I gotta have my orange juice.

Jesu, Juva

Various

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If you don’t yet follow Wrath of Gnon, you should.

This is beautiful: The Sound of the Hagia Sophia.

Here are some fascinating pictures of the locusts in Africa.

North Carolina had a couple of earthquakes in the western part of the state this past weekend, but we felt nothing here.

Christian Leithart thinks about how to panic sensibly.

So do Squirrel Nut Zippers. From “La Grippe”:

There’s an Asian influenza
Infecting us all by the scores
And it’s turning into pneumonia
We must go out once more . . .
So we must go out and dance around

Have a look at Jelle’s Marble Runs and see if you can resist getting completely absorbed.

For fun, the kids and I were working through the alphabet on a theme of food, somehow coming to focus especially on fish. Asher pounced on G with the offering: ghoti. Ha!

My county library has Lewis’s space trilogy available in audiobook form. I’ve just finished listening to it after first reading the books eight years ago. I’m freshly encouraged in the task of Christian living (Lewis is quite the Kuyperian Chestertonian, isn’t he?), and also again amazed at Lewis’s Issacharian insight into our times in That Hideous Strength. I need to revisit these more often.

Mark Horne just published his reflections on Proverbs. It is outstanding; pick one up for yourself and for each of the young people in your life. Mark also reflects on current events and how wisdom takes some work and wrestling. You should follow Mark too.

Lord willing, Peter Leithart is coming to the Triangle in April to teach on worship. I’m looking forward to it; join me!

I’ve been appealing to Occam’s razor lately as a rule for evaluating architectural decisions and their tradeoffs. In particular, architectural decisions must take into account not only ideal considerations, but also a team’s capacity to develop, maintain, and support these decisions. Simplicity has its own rewards regardless of the size of your team, but the smaller the team, the more aggressively you must press for that simplicity. Don’t multiply entities unnecessarily!

My pastor touched on Hebrews 12 and shaking this past Sunday. A preterist reading of this and the wider context adds (but does not subtract) helpful insights. Certainly we are to cherish the hope that one day we will live in a fully realized and glorious city (ch. 11), and that one day all that can be shaken will be removed (ch. 12). But the original audience was also to take great hope in God’s breaking early into time and history, and so are we. We have come already to the mountain–city, Zion–Jerusalem (12:22), and especially in worship we stand together in this place with Jesus and the angels and the communion of the saints. The entire book of Hebrews is an exposition of this reality and an invitation to enter into it.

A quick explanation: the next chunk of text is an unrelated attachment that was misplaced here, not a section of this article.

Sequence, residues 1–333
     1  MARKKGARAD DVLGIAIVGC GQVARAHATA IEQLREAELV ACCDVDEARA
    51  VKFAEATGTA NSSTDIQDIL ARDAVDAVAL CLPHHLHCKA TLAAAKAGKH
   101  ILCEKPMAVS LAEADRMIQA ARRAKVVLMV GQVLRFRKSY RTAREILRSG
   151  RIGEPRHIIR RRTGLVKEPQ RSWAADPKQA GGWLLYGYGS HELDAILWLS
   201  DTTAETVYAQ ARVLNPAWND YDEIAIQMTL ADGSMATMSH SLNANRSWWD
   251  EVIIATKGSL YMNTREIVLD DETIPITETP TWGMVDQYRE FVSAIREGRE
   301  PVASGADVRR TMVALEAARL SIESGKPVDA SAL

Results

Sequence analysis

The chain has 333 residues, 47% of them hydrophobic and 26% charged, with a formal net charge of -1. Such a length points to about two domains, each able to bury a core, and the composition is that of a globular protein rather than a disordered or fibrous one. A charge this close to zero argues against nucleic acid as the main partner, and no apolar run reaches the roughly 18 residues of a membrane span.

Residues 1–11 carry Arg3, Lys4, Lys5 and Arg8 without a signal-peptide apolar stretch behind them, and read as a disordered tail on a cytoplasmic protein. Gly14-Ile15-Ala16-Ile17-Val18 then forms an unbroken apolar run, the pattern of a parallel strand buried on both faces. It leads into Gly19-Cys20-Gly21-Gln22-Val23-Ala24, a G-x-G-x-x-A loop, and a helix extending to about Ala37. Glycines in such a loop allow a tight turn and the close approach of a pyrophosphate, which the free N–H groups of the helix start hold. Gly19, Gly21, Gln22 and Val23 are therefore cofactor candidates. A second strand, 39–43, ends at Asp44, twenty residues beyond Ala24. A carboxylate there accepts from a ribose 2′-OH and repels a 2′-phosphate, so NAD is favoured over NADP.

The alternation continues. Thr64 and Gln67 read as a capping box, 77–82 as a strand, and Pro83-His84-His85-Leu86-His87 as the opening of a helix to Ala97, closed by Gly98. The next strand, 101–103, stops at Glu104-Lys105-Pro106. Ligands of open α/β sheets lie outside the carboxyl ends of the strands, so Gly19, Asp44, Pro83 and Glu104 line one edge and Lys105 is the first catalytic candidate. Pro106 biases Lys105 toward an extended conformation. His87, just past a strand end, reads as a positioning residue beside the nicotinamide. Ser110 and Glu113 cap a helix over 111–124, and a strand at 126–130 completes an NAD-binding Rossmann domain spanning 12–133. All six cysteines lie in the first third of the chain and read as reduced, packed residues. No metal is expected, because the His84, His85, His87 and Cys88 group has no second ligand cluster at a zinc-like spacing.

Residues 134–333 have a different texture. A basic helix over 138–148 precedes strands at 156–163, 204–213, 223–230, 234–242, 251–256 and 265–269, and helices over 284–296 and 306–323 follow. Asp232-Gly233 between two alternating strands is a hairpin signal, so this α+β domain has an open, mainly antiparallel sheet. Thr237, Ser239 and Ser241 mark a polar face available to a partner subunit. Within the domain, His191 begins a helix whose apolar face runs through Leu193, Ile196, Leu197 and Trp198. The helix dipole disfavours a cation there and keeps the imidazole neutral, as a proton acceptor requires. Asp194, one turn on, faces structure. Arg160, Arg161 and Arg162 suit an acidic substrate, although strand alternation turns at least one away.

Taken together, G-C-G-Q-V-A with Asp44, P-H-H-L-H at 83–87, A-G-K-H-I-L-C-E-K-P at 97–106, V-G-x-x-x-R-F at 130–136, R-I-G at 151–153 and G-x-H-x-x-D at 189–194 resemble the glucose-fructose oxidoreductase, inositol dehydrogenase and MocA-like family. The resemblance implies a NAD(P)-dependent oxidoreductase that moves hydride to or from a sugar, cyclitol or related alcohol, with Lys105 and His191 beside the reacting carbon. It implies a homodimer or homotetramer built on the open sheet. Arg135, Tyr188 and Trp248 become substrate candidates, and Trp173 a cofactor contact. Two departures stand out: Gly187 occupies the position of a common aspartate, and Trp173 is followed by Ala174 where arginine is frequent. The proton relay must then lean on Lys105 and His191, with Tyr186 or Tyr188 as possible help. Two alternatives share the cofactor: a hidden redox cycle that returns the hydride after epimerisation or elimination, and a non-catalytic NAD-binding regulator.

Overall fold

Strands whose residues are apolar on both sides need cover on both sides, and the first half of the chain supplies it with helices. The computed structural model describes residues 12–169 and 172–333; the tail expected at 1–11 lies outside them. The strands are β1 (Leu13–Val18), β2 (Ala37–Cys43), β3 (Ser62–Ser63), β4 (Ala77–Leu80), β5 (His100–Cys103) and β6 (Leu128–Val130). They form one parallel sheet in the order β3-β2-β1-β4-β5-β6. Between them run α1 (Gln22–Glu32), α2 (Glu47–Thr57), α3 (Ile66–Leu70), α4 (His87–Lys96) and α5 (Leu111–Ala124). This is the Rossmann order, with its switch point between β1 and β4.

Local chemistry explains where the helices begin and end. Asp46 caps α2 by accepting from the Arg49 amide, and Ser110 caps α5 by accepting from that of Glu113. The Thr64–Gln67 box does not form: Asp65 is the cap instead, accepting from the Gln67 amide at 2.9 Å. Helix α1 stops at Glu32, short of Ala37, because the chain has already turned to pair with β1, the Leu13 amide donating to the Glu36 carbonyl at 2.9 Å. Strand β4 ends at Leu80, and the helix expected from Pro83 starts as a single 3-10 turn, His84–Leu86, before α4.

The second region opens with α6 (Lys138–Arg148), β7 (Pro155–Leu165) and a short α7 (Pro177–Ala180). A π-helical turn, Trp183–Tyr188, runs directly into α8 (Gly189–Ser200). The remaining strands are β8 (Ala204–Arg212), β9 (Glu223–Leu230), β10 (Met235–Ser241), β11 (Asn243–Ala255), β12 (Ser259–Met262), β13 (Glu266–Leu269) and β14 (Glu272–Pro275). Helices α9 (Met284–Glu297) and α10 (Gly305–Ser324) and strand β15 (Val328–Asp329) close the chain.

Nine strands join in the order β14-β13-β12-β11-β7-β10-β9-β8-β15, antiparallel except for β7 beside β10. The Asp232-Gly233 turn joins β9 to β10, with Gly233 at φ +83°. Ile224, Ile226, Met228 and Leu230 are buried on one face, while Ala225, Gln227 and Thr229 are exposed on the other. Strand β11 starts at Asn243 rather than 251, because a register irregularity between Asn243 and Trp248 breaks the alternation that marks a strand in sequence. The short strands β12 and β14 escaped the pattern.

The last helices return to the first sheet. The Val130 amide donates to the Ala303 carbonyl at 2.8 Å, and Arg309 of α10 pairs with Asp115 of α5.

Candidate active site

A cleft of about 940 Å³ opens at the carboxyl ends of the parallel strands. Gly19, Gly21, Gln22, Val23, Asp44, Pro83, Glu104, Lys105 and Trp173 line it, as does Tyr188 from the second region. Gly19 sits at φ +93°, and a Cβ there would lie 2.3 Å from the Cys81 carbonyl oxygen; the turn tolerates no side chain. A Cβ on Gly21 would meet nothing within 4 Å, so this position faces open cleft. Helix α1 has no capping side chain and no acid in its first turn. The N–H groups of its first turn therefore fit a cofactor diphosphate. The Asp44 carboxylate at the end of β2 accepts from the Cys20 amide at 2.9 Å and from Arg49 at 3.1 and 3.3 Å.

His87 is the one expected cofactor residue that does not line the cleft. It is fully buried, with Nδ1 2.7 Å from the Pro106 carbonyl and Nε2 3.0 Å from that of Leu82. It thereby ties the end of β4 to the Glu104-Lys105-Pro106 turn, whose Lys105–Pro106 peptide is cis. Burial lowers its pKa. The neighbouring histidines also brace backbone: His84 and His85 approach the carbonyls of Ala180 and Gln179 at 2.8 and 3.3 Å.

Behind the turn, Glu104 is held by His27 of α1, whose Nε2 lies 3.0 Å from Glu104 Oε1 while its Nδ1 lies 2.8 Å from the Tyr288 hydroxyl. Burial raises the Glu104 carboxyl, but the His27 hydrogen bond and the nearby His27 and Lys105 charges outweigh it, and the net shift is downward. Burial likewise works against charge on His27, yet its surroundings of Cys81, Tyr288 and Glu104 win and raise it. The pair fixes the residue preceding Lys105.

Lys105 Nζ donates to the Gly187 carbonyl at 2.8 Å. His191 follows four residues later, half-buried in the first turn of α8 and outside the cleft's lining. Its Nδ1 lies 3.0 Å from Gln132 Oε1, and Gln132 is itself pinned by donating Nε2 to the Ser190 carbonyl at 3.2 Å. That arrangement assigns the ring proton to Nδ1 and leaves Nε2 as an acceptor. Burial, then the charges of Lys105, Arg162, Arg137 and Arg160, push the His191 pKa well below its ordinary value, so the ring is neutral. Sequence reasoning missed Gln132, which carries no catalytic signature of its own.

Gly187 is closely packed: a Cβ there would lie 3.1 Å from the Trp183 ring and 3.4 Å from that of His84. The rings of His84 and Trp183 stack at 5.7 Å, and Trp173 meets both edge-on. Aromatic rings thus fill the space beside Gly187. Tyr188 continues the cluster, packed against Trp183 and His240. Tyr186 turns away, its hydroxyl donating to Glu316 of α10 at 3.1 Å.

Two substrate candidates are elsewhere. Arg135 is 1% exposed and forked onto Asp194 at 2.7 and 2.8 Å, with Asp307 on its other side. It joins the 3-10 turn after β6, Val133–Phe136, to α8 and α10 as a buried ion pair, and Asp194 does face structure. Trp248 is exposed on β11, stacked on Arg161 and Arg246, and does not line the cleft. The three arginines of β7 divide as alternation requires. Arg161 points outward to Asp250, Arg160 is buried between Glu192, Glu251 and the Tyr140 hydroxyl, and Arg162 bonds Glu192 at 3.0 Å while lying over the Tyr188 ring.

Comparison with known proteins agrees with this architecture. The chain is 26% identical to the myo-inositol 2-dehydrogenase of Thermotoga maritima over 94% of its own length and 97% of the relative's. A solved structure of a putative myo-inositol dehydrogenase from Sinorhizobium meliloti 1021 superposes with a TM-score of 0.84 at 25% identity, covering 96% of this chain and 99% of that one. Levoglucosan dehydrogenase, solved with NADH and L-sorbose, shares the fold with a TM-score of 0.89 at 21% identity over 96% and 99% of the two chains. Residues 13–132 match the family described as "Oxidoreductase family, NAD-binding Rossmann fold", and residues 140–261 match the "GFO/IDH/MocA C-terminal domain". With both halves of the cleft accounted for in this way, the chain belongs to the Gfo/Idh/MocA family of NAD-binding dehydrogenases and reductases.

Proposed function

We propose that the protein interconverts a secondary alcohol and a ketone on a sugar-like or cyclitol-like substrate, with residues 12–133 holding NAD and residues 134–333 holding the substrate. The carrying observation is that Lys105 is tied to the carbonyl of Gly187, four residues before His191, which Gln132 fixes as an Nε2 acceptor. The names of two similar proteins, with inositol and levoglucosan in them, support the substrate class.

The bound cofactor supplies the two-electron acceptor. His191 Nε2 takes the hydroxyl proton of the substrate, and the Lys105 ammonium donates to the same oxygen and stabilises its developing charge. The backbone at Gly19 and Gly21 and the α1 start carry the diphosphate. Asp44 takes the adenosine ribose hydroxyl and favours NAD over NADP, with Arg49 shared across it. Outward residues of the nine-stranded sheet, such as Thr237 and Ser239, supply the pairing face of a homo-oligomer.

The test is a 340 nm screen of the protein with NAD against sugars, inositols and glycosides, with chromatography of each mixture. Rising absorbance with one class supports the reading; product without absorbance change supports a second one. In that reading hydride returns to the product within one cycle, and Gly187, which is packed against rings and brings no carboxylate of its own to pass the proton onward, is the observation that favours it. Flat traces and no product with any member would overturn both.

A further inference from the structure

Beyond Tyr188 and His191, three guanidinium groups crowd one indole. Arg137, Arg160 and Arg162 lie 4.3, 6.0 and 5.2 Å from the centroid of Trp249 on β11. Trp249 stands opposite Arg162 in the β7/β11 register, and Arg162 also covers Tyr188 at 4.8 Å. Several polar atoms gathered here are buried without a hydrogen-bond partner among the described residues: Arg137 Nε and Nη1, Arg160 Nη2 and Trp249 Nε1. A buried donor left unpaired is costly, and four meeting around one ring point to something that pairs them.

From this perspective, the great “once more” shaking announced in Hebrews (as well as Matthew, etc.) was the tearing down of the old covenant and its ways, the very persecution and mountain that was bearing down on God’s people and in which the author of Hebrews is trying to encourage them. These old ways ended forever in AD 70; no more sacrifices could be offered by the line of Aaron but only by the line of Melchizedek. The destruction of Jerusalem and the temple was both a vindication of Jesus against the old ways, and a deliverance for his church, his body.

Thus, we see both that God works in history, and also that this history is moving to a glorious conclusion. So we can hope for several visitations, several shakings, several days of the Lord: (1) Jesus visits his church weekly on the day of the Lord; (2) Jesus visits tribes and nations at various times in history in judgment and to deliver his people; (3) as proof of his resurrection and enthronement, and vindication of himself and his promises, Jesus visited the world in AD 70 to finish the inauguration of his new creation; (4) we have a glorious hope that after his present reign (and our reign with him) is complete, Jesus will visit the world and deliver it to his father (1 Cor 15, etc.).

AD 70 was thus the promised sign of the son of man’s entering into heaven.

Written by Scott Moonen

March 17, 2020 at 12:58 pm

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  1. […] my nontechnical blog I reflect on […]


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